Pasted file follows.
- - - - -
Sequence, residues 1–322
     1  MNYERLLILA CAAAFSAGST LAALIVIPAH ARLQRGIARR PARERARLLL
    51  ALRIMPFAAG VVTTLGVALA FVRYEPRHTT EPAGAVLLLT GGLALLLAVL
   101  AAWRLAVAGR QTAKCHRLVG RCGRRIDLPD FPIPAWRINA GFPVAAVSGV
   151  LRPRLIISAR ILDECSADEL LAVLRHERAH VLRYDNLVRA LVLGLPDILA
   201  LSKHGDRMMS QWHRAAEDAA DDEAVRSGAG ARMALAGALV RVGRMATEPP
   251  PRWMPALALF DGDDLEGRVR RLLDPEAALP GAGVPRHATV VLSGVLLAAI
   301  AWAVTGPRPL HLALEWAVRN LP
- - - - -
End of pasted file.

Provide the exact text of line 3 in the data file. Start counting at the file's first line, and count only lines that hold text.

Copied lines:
    51  ALRIMPFAAG VVTTLGVALA FVRYEPRHTT EPAGAVLLLT GGLALLLAVL